Film history is paved with tales of the Christ, ranging from epic (“Ben-Hur”) to personal (“The Gospel According to St. Matthew”), faithful (“The Greatest Story Ever Told”) to controversial (“The Last Temptation of Christ”), glossy (“King of Kings”) to gory (“The Passion of the Christ”).
This Easter, we get a new take by “Lion” director Garth Davis, as “Mary Magdalene” redefines the disciple as the first eyewitness to the resurrection rather than a lowly prostitute. Her long overdue recognition as an equal to her male brethren was finally accepted by the Vatican in 2016. The film deserves credit for this admirable premise, while the script oddly leaves Mary on the outside of her own story with a vague narrative, deliberate pacing and ethereal tone.
The plot opens with Mary Magdalene (Rooney Mara) as a poor Jewish girl in the countryside of Judea circa AD 33. She serves as midwife for a woman during the pain of childbirth and rebels against her father’s plans for her arranged marriage. Naturally, the men of her village respond by labeling her “possessed” and attempting to drive out her “demons” with a waterboarding-style baptism. She finds refuge in Jesus (Joaquin Phoenix) as one of his most trusted disciples.
The film has invited controversy since it premiered at London’s National Gallery in February 2018. The Weinstein Company planned a release for late 2017, but delayed it amid the Harvey Weinstein scandal. It’s since been criticized for “whitewashed” casting with Mara and Phoenix in roles that were historically Middle Eastern but all too often Anglicized in pop culture. Davis pushed back by pointing out supporting actors of African and Israeli descent with Chiwetel Ejiofor (“12 Years a Slave”) and Tahir Rahim (“A Prophet”) respectively playing Peter and Judas.
Be that as it may, Mara gets the nod to carry this Biblical “carol” as “the girl with the cross tattoo.” Her noble performance in the first 20 minutes appears to be the perfect vehicle for redefining Magdalene, but she unfortunately fades into the background in favor of Jesus for a rather familiar tale. Granted, it’s practically impossible and dramatically antithetical to make a Christ movie about anything other than Christ, but the title sets misleading expectations.
Most of the screentime in the second half of the film belongs to the enigmatic Phoenix, who plays Jesus as a mysterious drifter. While there should be mystery to the self-proclaimed Son of God, he should be charismatic, even revolutionary to launch the world’s biggest religion. Here, his eyes are too distant and his demeanor too detached to believably inspire followers.
The problem is less an issue with Phoenix’s performance than the puzzling narrative choices by screenwriters Helen Edmundson and Philippa Goslett. The script is oddly slow for a tale with such miraculous possibilities. Act 1 is painfully somber in the buildup to Jesus’ arrival, while Act 2 includes countless shots of catatonic faces lying on the ground and staring off into the mountains. Where’s the devout urgency? Provoking parables? Born-again inspiration?
If you don’t already know the Christ story, you’ll most likely be confused by the elliptical events, moping through his ministry and underselling the temple destruction (surely if there was a time to overturn the money tables and question the Pharisees, it’s 2019 America). Most disheartening is how Act 3 inexplicably rushes through Jesus’ trial and crucifixion with no sign of Barabbas, Pontius Pilate or the Centurion. Many know this story by heart so they can fill in the gaps, but that’s no excuse as a screenwriter; the screenplay should stand on its own.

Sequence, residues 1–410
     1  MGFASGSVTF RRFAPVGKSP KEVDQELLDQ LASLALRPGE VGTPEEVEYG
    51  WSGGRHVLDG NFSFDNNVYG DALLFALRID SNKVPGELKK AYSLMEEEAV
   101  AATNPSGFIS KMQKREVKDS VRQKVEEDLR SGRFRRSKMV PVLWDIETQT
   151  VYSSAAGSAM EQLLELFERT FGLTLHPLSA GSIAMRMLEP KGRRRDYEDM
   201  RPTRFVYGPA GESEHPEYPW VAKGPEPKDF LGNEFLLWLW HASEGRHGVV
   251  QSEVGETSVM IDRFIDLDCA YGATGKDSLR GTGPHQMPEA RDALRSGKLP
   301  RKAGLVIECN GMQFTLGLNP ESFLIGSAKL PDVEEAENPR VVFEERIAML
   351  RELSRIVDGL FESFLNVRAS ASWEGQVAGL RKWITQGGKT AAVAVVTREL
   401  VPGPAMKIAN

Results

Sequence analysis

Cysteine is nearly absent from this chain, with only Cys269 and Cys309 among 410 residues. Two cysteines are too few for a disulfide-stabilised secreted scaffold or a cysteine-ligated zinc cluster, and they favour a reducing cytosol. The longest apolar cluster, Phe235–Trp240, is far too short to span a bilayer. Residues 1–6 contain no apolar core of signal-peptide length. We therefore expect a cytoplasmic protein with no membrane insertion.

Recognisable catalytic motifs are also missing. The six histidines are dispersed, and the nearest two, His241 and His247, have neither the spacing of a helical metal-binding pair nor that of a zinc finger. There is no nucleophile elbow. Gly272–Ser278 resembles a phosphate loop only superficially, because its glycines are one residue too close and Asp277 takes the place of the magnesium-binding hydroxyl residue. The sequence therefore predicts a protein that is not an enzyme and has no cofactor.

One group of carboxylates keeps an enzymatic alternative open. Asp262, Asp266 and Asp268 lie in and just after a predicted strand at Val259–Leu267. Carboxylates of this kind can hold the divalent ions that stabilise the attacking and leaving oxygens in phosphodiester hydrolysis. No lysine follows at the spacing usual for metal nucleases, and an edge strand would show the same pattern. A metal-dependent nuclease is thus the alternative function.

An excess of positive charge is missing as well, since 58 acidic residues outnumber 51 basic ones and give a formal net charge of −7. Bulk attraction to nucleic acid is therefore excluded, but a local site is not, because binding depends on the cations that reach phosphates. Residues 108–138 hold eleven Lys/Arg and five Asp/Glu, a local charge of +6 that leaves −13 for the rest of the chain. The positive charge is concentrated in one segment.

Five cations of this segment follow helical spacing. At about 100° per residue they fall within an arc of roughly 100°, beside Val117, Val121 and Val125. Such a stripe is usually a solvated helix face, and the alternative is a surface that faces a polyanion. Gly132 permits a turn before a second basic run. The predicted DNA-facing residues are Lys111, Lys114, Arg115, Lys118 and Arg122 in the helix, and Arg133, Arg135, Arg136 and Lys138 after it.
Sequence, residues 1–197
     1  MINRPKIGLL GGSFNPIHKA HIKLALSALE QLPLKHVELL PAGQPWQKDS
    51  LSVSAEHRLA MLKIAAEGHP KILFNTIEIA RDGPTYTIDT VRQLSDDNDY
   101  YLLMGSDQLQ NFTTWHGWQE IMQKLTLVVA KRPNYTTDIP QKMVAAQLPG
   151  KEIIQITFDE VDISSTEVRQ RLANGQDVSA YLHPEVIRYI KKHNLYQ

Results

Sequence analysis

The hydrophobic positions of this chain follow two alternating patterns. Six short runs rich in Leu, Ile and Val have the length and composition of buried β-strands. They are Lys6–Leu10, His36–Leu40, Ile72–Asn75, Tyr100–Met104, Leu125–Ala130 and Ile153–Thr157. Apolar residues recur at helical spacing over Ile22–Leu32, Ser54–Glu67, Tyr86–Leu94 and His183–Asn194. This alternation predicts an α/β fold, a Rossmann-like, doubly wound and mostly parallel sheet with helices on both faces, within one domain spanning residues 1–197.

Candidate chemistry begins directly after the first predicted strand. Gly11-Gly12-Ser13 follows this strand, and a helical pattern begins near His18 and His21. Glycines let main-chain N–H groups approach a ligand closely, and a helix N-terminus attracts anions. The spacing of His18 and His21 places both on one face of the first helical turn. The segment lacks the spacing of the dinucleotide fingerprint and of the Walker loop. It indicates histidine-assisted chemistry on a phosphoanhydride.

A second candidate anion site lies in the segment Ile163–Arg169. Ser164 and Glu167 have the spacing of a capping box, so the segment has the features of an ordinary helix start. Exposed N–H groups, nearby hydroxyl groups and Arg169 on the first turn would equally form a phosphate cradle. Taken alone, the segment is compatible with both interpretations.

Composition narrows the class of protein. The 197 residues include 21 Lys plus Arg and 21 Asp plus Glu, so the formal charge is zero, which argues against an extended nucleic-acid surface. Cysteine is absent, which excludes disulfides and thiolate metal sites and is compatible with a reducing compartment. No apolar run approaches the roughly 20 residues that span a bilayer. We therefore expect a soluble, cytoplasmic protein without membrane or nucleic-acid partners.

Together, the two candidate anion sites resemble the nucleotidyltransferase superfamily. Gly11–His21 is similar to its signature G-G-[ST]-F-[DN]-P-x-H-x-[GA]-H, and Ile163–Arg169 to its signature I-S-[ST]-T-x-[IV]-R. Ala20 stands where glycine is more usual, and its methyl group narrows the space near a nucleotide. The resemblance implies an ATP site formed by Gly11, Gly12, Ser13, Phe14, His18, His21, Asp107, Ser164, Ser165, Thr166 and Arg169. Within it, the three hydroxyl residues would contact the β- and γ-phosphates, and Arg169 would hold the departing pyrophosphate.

Fortunately, Davis elevates the exercise with his direction, working with cinematographer Greig Fraser (“Rogue One”) to frame artful compositions (Mary and Peter lying in a field of tall grass) and sweeping landscapes (Jesus and Mary sitting far apart on different cliffs, then cutting to them suddenly sitting together). Their most dynamic moment comes as Jesus sees bloody goats being sold in the market, intercutting flashes of his bloody hands and feet on the cross, all triggered by the sound of jingling coins like Judas’ infamous 30 pieces of silver.
The betrayal’s aftermath is delivered in an extreme wide shot that gradually zooms in on Judas’ body hanging from a noose. The haunting image is just one of many moments carried by the music of late composer Jóhann Jóhannsson, who earned a pair of Oscar nominations for “Sicario” and “The Theory of Everything” before fittingly leaving us an angelic final score.
The serene music melds well with the feminist themes, which remain the saving grace. First, Jesus tells the women they are equal to their husbands. “Who do we obey? Should we leave them?” they ask. “Yes,” he says. Before long, Mary performs baptisms for the other women, showing her growth since her own baptismal drowning. Later, she repays the favor to Jesus by snapping him out of his exhausted trance after raising Lazarus from the dead: “I can feel the blood running through your veins. I can see the light in your eyes. You’re here with me.”
Despite such moments, you’ll still leave feeling like you don’t know Magdalene much better than when you came in. That’s a shame because we’d love to know more about her pre-Jesus back story and her post-Christ ministry spreading the good word. If you’re simply looking for a spiritual reminder this Easter weekend, the film offers the disciples’ Last Supper refrain: “His steadfast love is eternal.” As an objective film grade, it’s a 2-star take on a 4-star miracle.
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